Tony Rémy: covering the bases

The ambivalent jazz (or blues?) guitarist was first widely noticed on the London scene of the late 80s. He fills in the gaps, including Annie Lennox, Herbie Hancock and Jack Bruce

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Tony Rémy

“I love jazz but I don’t call myself a jazz man. I call myself a musician and I think I’ve proved I can cover quite a few bases”, declares London guitarist Tony Rémy. Rémy’s versatility is certainly notable for as well as being a highly regarded jazz musician he has played with rock star Annie Lennox, with funk legend Pee Wee Ellis and in Jack Bruce’s blues band. And his last album, Sweet Little Mystery, was a collaboration with vocalist Sarah Jane Morris on which they interpret the songs of singer-songwriter John Martyn.

Rémy believes that working in so many different contexts has enhanced his jazz playing. “Yeah, because every music you get involved in influences how you play”, he says. “Like you learn different types of chords you can put into your playing and you learn about where not to play”.

‘I consider Steve [Williamson] to be one of my big teachers. He was ahead of his time. When M-Base was coming out he was totally on top of that’

Sweet Little Mystery includes versions of some of John Martyn’s greatest songs, including Solid Air, May You Never and Head And Heart. “I never owned any of his records”, admits Rémy. “It was only when I started to research which songs to do with Sarah that I started to get into him and thought, ‘Wow, this is good!’ I’ve listened to a million YouTube clips of him and he never played a song the same way twice so he was basically a jazzer. He had an improvising head on him”.

Interpreting music by someone who was such a distinctive guitarist himself must have been challenging for Rémy. “Well, I had to get my head around not trying to be John Martyn and just being myself. He used some weird tunings so I reinterpreted his chords in standard tuning and added my own jazzy and bluesy influences”.

Rémy has been prominent on the British jazz scene since the late 1980s. He identifies saxophonist Steve Williamson, with whom he played in That Fuss Was Us, as a crucial early inspiration. “I consider Steve to be one of my big teachers. He was ahead of his time. When M-Base was coming out he was totally on top of that and when I started learning all this stuff it took me on another journey musically. Instead of just learning licks and going through the motions it opened my mind up to total improvisation where sometimes one tune lasts 25 minutes and the guitar solo 15 minutes so you had to be creative”.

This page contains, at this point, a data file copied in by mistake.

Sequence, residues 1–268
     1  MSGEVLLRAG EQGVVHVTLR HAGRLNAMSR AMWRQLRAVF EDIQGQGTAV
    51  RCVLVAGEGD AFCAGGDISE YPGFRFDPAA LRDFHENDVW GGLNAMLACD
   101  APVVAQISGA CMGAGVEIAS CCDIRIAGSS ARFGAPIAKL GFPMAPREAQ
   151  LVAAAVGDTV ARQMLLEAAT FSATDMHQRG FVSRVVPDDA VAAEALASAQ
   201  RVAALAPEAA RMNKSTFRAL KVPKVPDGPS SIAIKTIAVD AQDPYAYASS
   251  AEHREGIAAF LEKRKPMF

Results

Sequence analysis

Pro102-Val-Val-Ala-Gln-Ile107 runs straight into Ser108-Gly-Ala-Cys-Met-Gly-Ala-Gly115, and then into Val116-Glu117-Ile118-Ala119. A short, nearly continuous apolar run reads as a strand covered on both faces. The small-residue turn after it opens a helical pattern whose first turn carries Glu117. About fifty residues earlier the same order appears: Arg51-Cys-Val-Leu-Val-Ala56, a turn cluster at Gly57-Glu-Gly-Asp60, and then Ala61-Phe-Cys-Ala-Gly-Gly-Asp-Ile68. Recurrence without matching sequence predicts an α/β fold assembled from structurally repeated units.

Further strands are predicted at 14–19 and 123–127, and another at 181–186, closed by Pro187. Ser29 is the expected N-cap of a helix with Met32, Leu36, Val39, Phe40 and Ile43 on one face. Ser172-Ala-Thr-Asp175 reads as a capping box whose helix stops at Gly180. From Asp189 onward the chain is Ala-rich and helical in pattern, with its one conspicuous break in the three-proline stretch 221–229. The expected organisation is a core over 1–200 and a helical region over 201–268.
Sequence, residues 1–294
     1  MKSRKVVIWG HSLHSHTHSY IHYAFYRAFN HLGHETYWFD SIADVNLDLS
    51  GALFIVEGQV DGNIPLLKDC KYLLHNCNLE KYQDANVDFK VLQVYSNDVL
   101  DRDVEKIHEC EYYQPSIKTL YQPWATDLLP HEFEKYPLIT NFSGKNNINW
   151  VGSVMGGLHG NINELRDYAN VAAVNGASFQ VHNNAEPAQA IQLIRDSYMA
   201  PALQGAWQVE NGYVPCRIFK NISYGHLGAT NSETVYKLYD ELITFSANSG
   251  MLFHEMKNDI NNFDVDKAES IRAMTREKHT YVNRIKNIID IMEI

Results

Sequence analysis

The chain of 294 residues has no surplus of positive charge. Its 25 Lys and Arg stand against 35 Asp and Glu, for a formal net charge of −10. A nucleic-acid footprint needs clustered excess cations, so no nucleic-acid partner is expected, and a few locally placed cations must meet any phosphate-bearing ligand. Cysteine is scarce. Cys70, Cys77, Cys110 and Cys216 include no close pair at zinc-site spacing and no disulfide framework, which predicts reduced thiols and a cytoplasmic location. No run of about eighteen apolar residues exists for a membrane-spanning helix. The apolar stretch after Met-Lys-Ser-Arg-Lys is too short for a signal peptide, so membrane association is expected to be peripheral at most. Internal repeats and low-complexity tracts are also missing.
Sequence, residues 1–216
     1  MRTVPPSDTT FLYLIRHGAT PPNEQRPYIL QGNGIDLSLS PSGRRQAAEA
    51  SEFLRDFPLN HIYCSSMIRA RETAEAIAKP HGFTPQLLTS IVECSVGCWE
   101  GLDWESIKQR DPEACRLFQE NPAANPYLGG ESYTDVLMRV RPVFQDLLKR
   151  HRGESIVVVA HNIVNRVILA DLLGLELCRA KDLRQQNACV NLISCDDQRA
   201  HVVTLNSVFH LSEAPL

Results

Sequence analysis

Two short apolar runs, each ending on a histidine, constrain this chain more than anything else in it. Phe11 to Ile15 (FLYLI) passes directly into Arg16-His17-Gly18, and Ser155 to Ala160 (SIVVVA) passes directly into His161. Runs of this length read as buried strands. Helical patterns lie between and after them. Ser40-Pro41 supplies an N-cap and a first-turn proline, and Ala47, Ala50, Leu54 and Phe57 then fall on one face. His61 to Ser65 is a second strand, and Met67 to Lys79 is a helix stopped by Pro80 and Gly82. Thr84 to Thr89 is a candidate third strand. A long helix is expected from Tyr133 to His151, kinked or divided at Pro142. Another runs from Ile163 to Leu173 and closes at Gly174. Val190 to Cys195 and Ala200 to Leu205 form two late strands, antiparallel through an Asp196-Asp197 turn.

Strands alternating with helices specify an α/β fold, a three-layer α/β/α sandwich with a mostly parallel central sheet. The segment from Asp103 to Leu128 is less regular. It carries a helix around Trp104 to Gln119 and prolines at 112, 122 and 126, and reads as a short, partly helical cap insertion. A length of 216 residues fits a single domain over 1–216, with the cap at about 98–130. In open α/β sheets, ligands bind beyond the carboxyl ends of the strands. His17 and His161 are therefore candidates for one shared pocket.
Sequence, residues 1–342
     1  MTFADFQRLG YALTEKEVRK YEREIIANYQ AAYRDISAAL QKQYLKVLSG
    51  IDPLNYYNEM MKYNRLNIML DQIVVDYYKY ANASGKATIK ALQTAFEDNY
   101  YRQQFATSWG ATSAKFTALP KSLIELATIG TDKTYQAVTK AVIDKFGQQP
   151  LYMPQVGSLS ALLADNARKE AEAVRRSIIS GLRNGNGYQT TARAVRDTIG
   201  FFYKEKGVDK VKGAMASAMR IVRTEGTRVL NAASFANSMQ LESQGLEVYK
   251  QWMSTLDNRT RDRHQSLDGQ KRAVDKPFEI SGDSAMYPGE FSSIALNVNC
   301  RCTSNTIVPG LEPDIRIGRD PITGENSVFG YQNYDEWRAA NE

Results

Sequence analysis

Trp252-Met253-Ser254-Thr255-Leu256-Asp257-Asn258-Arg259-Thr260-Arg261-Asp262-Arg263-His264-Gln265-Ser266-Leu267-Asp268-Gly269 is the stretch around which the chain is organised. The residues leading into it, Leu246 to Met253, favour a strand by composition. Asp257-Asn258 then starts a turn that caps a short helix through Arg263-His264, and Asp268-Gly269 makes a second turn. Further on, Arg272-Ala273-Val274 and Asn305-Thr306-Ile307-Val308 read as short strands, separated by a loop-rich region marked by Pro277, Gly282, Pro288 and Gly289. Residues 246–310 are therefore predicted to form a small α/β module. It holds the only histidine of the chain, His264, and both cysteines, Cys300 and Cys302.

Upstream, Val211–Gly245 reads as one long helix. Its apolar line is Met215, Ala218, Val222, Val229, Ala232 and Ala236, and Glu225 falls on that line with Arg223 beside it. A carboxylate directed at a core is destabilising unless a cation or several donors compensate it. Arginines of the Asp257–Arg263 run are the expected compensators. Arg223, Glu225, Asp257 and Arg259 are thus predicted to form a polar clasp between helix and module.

Rémy diversified early in the millennium when he joined Annie Lennox’s band. “I was recommended to audition. So I went and she was there and we started talking about kids and dogs and how I grew up and at the end she said ‘Do you want to play anything?’ And I said ‘No, not really. But I assure you I can play’. And she said ‘I know you can’. So we didn’t actually play anything – and then three minutes later I got the phone call from the musical director and he said ‘You’re in the band!’”

Touring with Lennox Rémy saw a side of life that few jazz musicians experience. “I can’t lie”, he smiles, “it feels fantastic to fly first class and hang out in top hotels with good wages. But you realise that at some point you have to come back to Ryanair so it doesn’t go to my head!”

Rémy’s admiration for Lennox is striking. “She was exceptional. So generous and warm and a true professional delivering at 500% every night. I can’t speak highly enough about her”.

In South Africa with Lennox, Rémy met Nelson Mandela. “That was fantastic. They do this concert called 46664, which was Mandela’s prison number, and we were part of [the 2005 concert] and we met him”.

So what insights into the geopolitical crises of our times did the two men share? “He just said ‘Hello’. We didn’t discuss politics but it was great to be able to shake his hand!”

With Lennox also Rémy played at the Bob Geldof-organised Live 8 charity concert in 2005. “That was a big highlight of my career. To step forward in front of a hundred thousand people and play gives you another type of confidence. Sometimes I look at the video and think ‘Wow! I look like a rock star!’ It’s like your childhood fantasy”.

Of Herbie Hancock: ‘We just sat around the piano and worked out the idea for the track and he’d play something and I’d play along and we just interacted. It was such a creative day and he made it so easy’

Lennox and Rémy both guested on Hush, Hush, Hush on Herbie Hancock’s 2005 album Possibilities. “Herbie Hancock is one of my idols and when I got the call I was actually scared. ‘There’s going to be reams of sheet music and I’m going to have to sight read it!’ But he was so cool. We just sat around the piano and worked out the idea for the track and he’d play something and I’d play along and we just interacted. It was such a creative day and he made it so easy”.

Rémy also played with Jack Bruce & His Big Blues Band for many years, until Bruce’s death in 2014. “Jack gets his energy from being around good musicians so I got a free rein to just express myself. Usually in bands they’re telling guitarists ‘Can you turn down?’ but he loves guitar so he’s saying ‘Turn up, Tony, turn up!’”

Another of Rémy’s key musical relationships has been with former James Brown saxophonist Pee Wee Ellis. “He’s not just a funk man: he’s a jazz man, an arranger and a musical director and being in that band for more than 25 years I’ve seen how he puts things together. Some musical directors bark at people but he explains things in a gentle way and this amazing music comes out of that. And why I was able to take on the John Martyn project was because I’ve learnt from Pee Wee how to put things together and what instruments work with other instruments and the best combinations”.